For vinyl listeners, especially those who already have tube gear, consider the Prelude as an upgrade in the preamplification department. I would recommend this preamp for those with entry level tube gear looking to make an upgrade. This is not your sub-$1,000 tube amp. It delivers much more than that. From my entry level phono stage, the Prelude offered a bigger sound and more detail. I detected more of the music coming from my needle to the speakers. Nuances that I did not hear previously were present on jazz and rock recordings alike.
I think what struck me most about the Prelude is the importance of the preamplifier component. Yes, you need good source components and amplification and speakers that match in terms of impedance and sound. But the preamp is the central nervous system of high fidelity and it can take the upstream signal and really transform it into something unique downstream. The bottom line is that the Finalé Prelude allowed me to get back to the music and instead of listening for perfection and flaws, I was just…listening. A highly recommended component. In terms of value, I did ask Noam about the Gold Star awards, and we agreed that, this being my first review, we should perhaps not be over the top with the accolades.
Retail Price: $3500-5500 USD
Loan unit from Stereo Untypical
Specifications & Features
- The preamplifier is based on a single 396a tube (also equivalent types such as 5670 and 2C51)
- 4X of Gain (Finale’s preference is for lower gain vs higher distortion)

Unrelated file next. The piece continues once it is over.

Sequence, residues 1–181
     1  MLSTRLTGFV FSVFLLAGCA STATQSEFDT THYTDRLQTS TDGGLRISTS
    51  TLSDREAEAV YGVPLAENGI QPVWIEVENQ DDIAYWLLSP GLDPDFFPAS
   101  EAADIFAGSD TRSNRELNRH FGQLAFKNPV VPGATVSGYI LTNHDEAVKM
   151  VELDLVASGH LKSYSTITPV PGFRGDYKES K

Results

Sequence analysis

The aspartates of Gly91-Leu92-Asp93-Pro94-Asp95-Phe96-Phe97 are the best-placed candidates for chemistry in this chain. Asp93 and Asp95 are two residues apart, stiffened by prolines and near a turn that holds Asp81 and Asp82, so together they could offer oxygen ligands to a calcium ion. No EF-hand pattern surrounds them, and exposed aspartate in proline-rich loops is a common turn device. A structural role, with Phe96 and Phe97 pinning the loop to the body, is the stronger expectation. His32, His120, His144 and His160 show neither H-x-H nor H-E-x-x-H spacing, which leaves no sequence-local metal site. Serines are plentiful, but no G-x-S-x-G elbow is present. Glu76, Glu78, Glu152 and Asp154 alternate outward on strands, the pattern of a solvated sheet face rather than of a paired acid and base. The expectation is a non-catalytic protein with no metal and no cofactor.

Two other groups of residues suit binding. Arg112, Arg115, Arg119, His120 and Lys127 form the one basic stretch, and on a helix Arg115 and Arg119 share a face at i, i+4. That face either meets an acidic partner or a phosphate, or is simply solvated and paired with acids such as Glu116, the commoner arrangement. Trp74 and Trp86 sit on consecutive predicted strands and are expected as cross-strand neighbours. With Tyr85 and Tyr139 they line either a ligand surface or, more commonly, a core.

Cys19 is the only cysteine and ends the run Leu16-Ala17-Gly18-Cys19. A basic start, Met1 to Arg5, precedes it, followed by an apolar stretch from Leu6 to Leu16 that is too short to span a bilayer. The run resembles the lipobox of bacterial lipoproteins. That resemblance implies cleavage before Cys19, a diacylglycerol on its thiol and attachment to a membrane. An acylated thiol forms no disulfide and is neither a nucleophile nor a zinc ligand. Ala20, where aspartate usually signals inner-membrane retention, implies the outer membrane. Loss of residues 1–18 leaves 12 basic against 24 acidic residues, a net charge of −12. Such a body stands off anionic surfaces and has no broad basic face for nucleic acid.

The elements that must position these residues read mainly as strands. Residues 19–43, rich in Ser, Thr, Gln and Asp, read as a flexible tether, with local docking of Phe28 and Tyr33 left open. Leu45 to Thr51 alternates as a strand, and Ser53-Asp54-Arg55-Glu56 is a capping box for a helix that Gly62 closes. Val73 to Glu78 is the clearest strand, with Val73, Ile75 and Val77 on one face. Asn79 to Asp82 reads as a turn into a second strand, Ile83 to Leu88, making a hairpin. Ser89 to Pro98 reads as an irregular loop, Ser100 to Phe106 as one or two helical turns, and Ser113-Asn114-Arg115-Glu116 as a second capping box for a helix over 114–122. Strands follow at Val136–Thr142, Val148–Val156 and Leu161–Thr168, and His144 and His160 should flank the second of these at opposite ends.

- 2V Output at Nominal, 0.1% THD-X
- Designed for triode, tube and other low-powered amplifiers, or solid state power amplification
- Lower gain design equates to fewer parts and fewer tubes and therefore less phase shift and signal changes
- Tube regulated, by the powerful 12BH7 / ECC99 (or the 12AU7 — though the more powerful 12BH7 will last longer in this position)
- Tube rectified, by a 6Z4 rectifier tube, a 7-pin miniature tube that is affordable and reliable
- AC coupling power supply (better than 90 db S/N Ratio with a NOS Western Electric 396a) with input filtering choke for quiet operation
- Hammond Canadian-made power transformer
- CMC USA Gold Plated RCAs (3 Pairs of Inputs, 1 pair of Outputs)
- Mundorf Supreme Silver Gold Oil coupling caps
- Alps Japan Blue Volume Pot
- Premium Selector
- High-quality transistors (hybrid pre-amplification) used for impedance conversion. When combined with tubes at the voltage amplifying stage, these allow the amp to drive all kinds of power amplifiers
Editor’s Note: Welcome Jamie to the Wall of Sound roster, and congrats on your review!
Disclosure: Wall of Sound Editor Noam Bronstein is a Finale Audio dealer.